A group of researchers studied tweets emerging from Chicago rail transit passengers, plotting them by time of day and correlating them with disruption events on the network. Emily Badger at The Atlantic has the story. A key insight:
Bus and train agencies generally gauge how riders feel about them the old-fashioned way, with surveys and focus groups. What if, instead of politely asking people if they find their morning commutes safe, sanitary and efficient, agencies tapped into the raw and unscripted assessments we all love to broadcast from our smart phones? (Case in point: I may have tweet-whined this morning from inside the Washington Metro system: "Why will it take 8 1/2 months to replace the escalators at the Dupont Metro?")
A group of researchers at Purdue suspected agencies could learn a lot about rider satisfaction by doing this (oh yeah, and all this data is free!).
Unfortunately, the results also picked up on my theme from last week:
[Samuil] Hasan, a Ph.D. candidate at Purdue, presented these findings Tuesday to a riveted room at the annual Transportation Research Board conference in Washington. Noticeably absent from his charts were the moments when everyone seemed to be tweeting wild praise for the Chicago Transit Authority.
"The most interesting thing we found is that transit riders do not give any positive sentiment at a particular time. They only give negative sentiment," he said. Now, this may seem depressing if you work for one of these agencies. "But that’s not very disappointing," Hasan said, "because we found that the lack of negative sentiment is basically what transit authorities should look for. If there’s no negative sentiment at any given time, that means that things are running smoothly."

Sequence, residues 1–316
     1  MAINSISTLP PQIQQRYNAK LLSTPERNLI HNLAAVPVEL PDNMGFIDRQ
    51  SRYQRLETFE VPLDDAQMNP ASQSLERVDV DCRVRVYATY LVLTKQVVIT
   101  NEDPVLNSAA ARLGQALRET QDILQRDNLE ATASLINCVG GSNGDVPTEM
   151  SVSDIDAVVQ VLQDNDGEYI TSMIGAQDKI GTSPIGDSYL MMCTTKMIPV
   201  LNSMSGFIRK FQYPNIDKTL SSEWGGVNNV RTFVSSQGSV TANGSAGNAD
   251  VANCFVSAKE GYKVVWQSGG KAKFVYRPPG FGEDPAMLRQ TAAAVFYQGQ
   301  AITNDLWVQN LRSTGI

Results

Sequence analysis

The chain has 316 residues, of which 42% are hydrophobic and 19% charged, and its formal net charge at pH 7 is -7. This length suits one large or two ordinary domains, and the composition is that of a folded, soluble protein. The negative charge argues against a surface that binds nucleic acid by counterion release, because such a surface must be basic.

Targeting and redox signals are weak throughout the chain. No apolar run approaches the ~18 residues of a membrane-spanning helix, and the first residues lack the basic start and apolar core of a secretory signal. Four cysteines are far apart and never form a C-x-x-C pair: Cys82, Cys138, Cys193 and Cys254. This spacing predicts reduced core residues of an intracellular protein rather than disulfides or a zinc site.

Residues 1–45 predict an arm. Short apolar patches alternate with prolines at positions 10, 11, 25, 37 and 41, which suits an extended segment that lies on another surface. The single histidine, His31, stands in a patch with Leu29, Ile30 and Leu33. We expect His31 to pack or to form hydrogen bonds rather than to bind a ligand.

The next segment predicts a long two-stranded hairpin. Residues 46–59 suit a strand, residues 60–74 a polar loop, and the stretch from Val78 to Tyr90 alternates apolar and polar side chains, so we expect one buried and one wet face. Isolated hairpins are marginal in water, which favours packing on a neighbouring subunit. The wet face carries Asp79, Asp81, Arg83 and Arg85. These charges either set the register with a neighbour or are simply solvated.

That may be partly true of operational disruptions, but Hasan seems unaware of the role of positive feedback in encouraging good work by operations employees.
In many other areas of transit agency activity, the absence of positive feedback is unequivocally a problem. In operations, "smooth running" is the goal, which menas that change is usually the enemy. But network planning, for example, is about creative change that solves problems and improves the relevance of the service. Almost everybody, deep down, feels some entitlement to the status quo, so negative feedback on a change proposal is inevitable no matter how good the plan is.
When a transit agency is trying to do something new, and good — whether in network planning, infrastructure, wayfinding, marketing, communications, or whatever — you should assume they're getting lots of negative feedback from people who just want nothing to change. That means your positive feedback really matters.